We can’t use the default Prism Collection Region Adapter for the Columns collection, because the Columns are not inheriting from Items Control. So a custom region adapter was required. At this point I haven’t build a custom region adapter, so it’s another opportunity to build one and master that area in Prism too. So it was a welcome requirement. I implemented it as an All Active Region.

public class DataGridControlRegionAdapter : RegionAdapterBase
{
    public DataGridControlRegionAdapter(IRegionBehaviorFactory regionBahaviorFactory) : base(regionBahaviorFactory){}

    protected override void Adapt(IRegion region, DataGridControl regionTarget)
    {
        if (region == null) throw new ArgumentNullException("region");
        if (regionTarget == null) throw new ArgumentNullException("regionTarget");
        region.Views.CollectionChanged += (s, e) =>
        {
            if (e.Action == NotifyCollectionChangedAction.Add)
            {
                foreach (ColumnBase col in e.NewItems)
                {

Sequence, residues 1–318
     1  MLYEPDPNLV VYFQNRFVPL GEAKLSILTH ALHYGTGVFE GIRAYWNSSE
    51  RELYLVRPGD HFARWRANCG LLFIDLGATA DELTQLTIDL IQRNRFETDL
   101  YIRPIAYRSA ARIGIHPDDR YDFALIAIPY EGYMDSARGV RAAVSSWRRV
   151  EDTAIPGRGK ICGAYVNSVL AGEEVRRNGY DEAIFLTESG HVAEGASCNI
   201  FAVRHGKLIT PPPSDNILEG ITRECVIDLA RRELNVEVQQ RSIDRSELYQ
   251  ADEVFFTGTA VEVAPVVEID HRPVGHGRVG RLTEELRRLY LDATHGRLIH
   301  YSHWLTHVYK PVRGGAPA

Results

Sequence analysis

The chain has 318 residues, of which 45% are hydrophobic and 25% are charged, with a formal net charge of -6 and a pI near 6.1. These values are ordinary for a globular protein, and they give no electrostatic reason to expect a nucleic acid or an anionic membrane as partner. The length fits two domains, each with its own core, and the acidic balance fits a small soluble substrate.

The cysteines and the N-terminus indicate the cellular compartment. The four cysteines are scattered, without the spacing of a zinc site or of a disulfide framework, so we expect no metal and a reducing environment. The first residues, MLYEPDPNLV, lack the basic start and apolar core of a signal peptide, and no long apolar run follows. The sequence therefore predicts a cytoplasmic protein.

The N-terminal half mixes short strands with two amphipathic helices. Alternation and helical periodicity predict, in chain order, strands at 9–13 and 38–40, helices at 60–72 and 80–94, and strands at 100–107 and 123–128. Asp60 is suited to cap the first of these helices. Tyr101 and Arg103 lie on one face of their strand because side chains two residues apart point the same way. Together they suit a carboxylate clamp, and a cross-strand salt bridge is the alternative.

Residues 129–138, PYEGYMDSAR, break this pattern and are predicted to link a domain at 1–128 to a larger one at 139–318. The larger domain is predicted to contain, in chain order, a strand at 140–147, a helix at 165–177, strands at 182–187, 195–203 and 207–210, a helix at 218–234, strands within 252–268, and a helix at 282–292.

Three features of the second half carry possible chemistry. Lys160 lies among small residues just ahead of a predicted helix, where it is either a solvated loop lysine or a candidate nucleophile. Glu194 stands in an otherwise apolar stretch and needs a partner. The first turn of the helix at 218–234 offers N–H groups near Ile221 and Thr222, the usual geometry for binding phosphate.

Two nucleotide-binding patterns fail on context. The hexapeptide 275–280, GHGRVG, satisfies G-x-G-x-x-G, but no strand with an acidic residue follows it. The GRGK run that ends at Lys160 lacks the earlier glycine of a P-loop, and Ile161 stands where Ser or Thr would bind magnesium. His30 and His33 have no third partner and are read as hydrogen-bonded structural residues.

var columns = col as ColumnBase;
                    if (columns != null)
                        regionTarget.Columns.Add(columns);
                }
            }
            if (e.Action == NotifyCollectionChangedAction.Remove)
            {
                 foreach (ColumnBase col in e.OldItems)
                 {
                     var columns = col as ColumnBase;
                     if (columns != null && 
                         regionTarget.Columns.Any(co => co.Title == columns.Title))
                             regionTarget.Columns.Remove(columns);
                 }
            }
        };
    }
    protected override IRegion CreateRegion()
    {
        return new AllActiveRegion();
    }
}

Then in DataGridControl we can just insert the region like this :

prism:RegionManager.RegionName="{x:Static mod:ModuleRegionNames.GeneralDashboardColumnRegion}"
prism:RegionManager.RegionContext="{Binding}"